Residents still hold about half a million not exchanged litas
Three years after the adoption of the single currency of the European Union, the euro, in Lithuania residents in our country and abroad still hold more than 469 million litas, or about 8 per cent of litas that had been in circulation until 1 January 2015. This makes about 11 tons of banknotes and about 1,593 tons of coins that have not returned to their issuer – the Bank of Lithuania.
‘There will be those who will be exchanging litas into euro at our cash offices in Vilnius and Kaunas this year as well since residents still hold significant amounts of them. But we project that such currency exchangers will further be declining in number. Last year, compared to the previous year, fewer litas were exchanged at the Bank of Lithuania; there were fewer residents who exchanged litas either, but the amount exchanged per transaction increased. For a couple of times the amounts exchanged exceeded LTL 100,000, while once we even exchanged half a million litas,’ said Egidijus Paleckis, Head of the Policy, Issue and Control Division of the Cash Department at the Bank of Lithuania.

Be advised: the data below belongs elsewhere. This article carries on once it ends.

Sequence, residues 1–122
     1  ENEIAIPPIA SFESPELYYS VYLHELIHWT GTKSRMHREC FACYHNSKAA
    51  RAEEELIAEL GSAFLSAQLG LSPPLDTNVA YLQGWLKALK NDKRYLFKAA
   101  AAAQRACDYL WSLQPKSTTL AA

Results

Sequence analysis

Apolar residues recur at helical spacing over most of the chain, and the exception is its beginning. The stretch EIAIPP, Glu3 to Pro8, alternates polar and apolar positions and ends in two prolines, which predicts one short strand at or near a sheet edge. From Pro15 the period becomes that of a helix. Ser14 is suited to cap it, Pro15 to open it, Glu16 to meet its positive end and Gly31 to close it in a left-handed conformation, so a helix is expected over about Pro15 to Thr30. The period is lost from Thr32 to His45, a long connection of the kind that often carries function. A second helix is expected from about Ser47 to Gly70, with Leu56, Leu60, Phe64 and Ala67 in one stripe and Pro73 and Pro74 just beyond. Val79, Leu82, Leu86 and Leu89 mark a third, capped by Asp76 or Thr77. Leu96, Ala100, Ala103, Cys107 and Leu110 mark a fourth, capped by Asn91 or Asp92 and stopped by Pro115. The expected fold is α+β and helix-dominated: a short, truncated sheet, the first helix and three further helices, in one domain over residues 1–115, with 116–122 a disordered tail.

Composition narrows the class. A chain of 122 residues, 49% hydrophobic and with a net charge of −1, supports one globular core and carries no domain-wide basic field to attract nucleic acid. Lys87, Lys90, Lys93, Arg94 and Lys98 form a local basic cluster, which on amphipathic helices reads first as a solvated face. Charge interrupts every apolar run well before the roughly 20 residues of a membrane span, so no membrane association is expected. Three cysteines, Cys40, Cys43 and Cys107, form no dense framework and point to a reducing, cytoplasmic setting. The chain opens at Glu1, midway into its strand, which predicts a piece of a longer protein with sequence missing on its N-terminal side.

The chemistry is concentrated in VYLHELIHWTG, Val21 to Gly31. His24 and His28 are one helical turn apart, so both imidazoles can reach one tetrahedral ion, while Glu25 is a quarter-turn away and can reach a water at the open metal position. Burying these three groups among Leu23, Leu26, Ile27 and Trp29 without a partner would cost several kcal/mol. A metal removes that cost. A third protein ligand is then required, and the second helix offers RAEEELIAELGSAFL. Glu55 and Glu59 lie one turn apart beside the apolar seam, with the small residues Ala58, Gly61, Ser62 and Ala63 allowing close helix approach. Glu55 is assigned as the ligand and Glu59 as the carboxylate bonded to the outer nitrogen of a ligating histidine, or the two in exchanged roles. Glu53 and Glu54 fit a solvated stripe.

He noted that all litas issued into circulation would never return to the Bank of Lithuania, as part of them has been destructed, another part hidden and those places have been forgotten; other litas have gone abroad or people have left them to themselves as a memento.
Throughout 2017, more than 30 thousand litas exchange transactions were performed (throughout 2016 – 47 thousand); a total of 22 million litas was exchanged. In Vilnius, about 12 million litas were exchanged and more than 18 thousand litas exchange transactions were carried out; in Kaunas – 10 million and and 12 thousand respectively.
In 2017, an average 726 litas were exchanged per transaction, in 2016 – about 665 litas.
According to the data of 28 December 2017, residents still hold more than 336.3 million litas banknotes (6% of those that were in circulation on 1 January 2015) and about 114.5 million litas circulation coins (58%). Out of the entire LTL 469 million amount which has not returned to the Bank of Lithuania, in terms of their former value, more than 18.7 million are comprised of numismatic litas coins. Such coins have increased by 0.2 million in number compared to their amount on the euro adoption date 1 January 2015, as the Bank of Lithuania also sells them from its holdings after starting using the single currency.
As the national currency, the litas was used in the Republic of Lithuania in 1922–1940. Following a break of over 50 years it returned in 1993: litas banknotes and coins were re-issued into circulation on 25 June. As legal tender, this currency is no longer valid from 16 January 2015 after having circulated for two weeks together with euro.
Litas of all issues (1991 and subsequent) are exchanged at the Bank of Lithuania free of charge and in unlimited amounts.Residents who still hold litas can exchange them at the Bank of Lithuania cash offices in Vilnius (Žirmūnų g. 151) and Kaunas (Maironio g. 25).